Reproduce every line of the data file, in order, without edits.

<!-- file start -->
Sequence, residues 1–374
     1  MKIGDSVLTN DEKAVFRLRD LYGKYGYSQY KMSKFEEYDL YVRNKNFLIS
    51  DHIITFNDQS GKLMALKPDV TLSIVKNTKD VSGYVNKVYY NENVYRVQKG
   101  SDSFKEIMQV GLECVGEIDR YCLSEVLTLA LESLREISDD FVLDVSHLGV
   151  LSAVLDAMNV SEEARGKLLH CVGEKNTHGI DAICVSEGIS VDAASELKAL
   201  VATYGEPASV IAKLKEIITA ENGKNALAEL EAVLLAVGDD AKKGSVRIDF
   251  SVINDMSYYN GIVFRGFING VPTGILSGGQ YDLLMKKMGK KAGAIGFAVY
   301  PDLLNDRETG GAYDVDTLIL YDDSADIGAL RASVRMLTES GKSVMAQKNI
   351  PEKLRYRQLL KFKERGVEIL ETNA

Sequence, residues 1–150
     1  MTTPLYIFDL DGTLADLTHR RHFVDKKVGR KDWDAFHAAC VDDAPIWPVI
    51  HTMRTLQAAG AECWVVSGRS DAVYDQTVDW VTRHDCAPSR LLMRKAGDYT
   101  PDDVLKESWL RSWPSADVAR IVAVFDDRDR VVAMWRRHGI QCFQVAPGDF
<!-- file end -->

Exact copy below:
Sequence, residues 1–374
     1  MKIGDSVLTN DEKAVFRLRD LYGKYGYSQY KMSKFEEYDL YVRNKNFLIS
    51  DHIITFNDQS GKLMALKPDV TLSIVKNTKD VSGYVNKVYY NENVYRVQKG
   101  SDSFKEIMQV GLECVGEIDR YCLSEVLTLA LESLREISDD FVLDVSHLGV
   151  LSAVLDAMNV SEEARGKLLH CVGEKNTHGI DAICVSEGIS VDAASELKAL
   201  VATYGEPASV IAKLKEIITA ENGKNALAEL EAVLLAVGDD AKKGSVRIDF
   251  SVINDMSYYN GIVFRGFING VPTGILSGGQ YDLLMKKMGK KAGAIGFAVY
   301  PDLLNDRETG GAYDVDTLIL YDDSADIGAL RASVRMLTES GKSVMAQKNI
   351  PEKLRYRQLL KFKERGVEIL ETNA

Sequence, residues 1–150
     1  MTTPLYIFDL DGTLADLTHR RHFVDKKVGR KDWDAFHAAC VDDAPIWPVI
    51  HTMRTLQAAG AECWVVSGRS DAVYDQTVDW VTRHDCAPSR LLMRKAGDYT
   101  PDDVLKESWL RSWPSADVAR IVAVFDDRDR VVAMWRRHGI QCFQVAPGDF